Stella-nominated Hope Farm is the second novel by Peggy Frew. Narrated, for the most part by the mature aged Silver, it is a reflection upon the time she lived with her mother, Ishtar, in a commune, the eponymous Hope Farm, in country Victoria. At various points throughout the novel, we also hear Ishtar’s story in her own words.
In the early 1970s, Ishtar (her adopted name) falls pregnant to her predatory, married neighbour. Her deeply conservative and religious mother sends her away for her confinement to a home for unmarried mothers with the intention that the baby will be given up for adoption. Ishtar desperately wants to keep her child and one day, when she is out walking in the gardens near the home, she encounters a group of people from an ashram. Drawn in by their colour and compassion, she seeks their assistance to shelter her and her baby upon its birth. Thus begins her life, and Silver’s, of moving from ashram to commune as her relationships wax and wain. As Silver describes it
Men were usually involved, in both the endings and the beginnings. Boyfriends, lovers, partners – whatever they were in the varied and loose lexicon of the circles in which she moved…I have no memory of any actual break-ups…She simply withdrew and allowed things to collapse.
When Ishtar meets the charismatic, but unhinged, Miller, Silver is uprooted again as she and Ishtar depart their native Queensland to live with him on the commune at Hope Farm. Silver grows resentful of Miller and the way in which he occupies Ishtar’s life – they have been mother-daughter at one moment, about to embark on world adventures, but then, at the next, Silver is left in the wake of Ishtar’s new love interest. In this home life of fluctuating emotions and affections, Silver’s resentment towards Ishtar also grows. As Silver describes it, at one point:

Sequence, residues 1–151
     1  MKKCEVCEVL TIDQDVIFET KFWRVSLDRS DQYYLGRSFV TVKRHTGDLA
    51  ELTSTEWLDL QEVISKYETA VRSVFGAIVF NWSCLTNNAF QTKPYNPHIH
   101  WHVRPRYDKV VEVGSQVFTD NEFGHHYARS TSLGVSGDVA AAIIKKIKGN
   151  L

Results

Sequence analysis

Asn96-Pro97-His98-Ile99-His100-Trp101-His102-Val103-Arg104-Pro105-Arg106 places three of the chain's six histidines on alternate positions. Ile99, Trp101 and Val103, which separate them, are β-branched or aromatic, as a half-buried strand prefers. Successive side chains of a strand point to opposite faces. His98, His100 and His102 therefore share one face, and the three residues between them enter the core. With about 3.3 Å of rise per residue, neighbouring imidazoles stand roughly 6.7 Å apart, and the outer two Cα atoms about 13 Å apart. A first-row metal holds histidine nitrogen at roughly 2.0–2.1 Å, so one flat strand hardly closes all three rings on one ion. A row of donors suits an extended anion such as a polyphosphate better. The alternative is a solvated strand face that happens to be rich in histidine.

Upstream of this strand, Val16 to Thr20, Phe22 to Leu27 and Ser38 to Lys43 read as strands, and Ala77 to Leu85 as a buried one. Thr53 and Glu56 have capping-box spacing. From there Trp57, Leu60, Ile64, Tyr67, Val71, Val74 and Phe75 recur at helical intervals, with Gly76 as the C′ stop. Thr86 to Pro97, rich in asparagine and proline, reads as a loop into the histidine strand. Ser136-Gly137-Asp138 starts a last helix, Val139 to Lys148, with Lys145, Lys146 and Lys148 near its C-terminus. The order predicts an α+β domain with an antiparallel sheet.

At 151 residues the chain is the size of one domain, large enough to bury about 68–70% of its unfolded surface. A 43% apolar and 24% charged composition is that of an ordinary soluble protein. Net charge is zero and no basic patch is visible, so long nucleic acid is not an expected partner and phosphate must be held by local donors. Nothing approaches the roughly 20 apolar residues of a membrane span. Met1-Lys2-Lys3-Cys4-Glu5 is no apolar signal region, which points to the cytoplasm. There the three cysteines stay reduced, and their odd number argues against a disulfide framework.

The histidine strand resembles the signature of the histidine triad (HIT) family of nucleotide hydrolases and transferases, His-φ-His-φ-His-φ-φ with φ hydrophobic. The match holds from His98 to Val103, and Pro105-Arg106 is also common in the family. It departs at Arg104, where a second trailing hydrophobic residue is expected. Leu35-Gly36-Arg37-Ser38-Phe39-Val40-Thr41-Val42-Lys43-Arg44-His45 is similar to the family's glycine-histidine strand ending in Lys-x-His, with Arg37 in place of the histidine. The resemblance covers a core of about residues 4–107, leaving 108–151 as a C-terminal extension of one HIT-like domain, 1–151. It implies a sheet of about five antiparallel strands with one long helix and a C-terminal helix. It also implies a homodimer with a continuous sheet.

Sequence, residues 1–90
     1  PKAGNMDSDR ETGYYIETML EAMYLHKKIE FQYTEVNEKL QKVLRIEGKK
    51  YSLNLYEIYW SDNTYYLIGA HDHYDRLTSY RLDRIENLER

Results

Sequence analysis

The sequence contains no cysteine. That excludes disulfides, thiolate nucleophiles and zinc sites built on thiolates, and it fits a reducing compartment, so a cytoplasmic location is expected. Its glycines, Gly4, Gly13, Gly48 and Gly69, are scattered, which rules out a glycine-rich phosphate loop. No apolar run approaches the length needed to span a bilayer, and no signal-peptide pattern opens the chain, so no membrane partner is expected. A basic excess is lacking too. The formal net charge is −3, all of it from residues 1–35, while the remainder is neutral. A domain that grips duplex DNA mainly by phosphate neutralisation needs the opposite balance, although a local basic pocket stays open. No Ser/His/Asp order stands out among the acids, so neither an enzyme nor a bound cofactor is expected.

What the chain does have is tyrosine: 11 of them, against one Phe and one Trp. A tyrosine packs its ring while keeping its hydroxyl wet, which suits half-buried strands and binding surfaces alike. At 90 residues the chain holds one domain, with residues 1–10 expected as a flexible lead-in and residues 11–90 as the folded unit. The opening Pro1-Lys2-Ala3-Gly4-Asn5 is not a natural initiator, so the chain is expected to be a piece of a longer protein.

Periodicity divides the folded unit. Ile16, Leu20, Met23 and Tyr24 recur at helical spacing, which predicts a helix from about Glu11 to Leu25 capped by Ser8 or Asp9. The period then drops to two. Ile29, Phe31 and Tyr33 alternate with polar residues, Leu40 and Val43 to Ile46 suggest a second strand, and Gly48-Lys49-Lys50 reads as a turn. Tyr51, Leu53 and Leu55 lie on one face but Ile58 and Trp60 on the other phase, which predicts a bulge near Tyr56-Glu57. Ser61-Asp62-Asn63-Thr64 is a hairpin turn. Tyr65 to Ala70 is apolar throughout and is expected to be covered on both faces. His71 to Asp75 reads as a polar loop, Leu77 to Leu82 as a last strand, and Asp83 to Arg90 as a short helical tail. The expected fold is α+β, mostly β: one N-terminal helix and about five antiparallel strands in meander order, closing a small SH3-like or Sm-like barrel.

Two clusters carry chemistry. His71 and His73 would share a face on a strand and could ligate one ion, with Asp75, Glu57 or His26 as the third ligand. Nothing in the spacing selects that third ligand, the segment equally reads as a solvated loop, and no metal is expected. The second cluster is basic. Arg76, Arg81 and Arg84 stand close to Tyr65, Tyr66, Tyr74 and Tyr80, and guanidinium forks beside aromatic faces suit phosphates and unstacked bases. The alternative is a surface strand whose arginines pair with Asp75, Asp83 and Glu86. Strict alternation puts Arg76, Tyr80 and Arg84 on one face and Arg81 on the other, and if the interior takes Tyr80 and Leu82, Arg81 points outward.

Why didn’t we just leave, Ishtar and me? Why did she always treat me like this, never protecting me from anything and then when I tried to enter her world, to ask about things like I just had, slamming down a shutter?
Against the backdrop of this triangular relationship, it is at Hope Farm that Silver encounters characters who live on the fringes of society: those who want to drop out from the world or those who feel they need to prove something to themselves or others in adopting a self-sufficient lifestyle. She meets her sensitive, creative, gay friend, Ian, who must contend with constant bullying from schoolmates. And all the while, she is contending with her own maturing, her need for friendship and love and stability, her need for a parent’s guidance, as she navigates adolescence. She develops her first crush on the kind and considerate Dan, who provides her with some of the affection she craves, only to come to understand that he is romantically drawn to her mother.
This is a book that has lingered with me. It has made me think about what it is to be an outsider, either due to rejection or not being comfortable with societal expectations or norms. It has made me think about the sometimes brittle nature of parental bonds and the damage that a parent’s rejection can do to a child. It has made me think about the frustration of not being able to understand a person’s behaviour and how the shutting down of communication deadens relationships. Hope Farm is a beautifully written novel. Highly recommended.
Have you read Hope Farm? Or Peggy Frew’s debut novel House of Sticks? What did you think?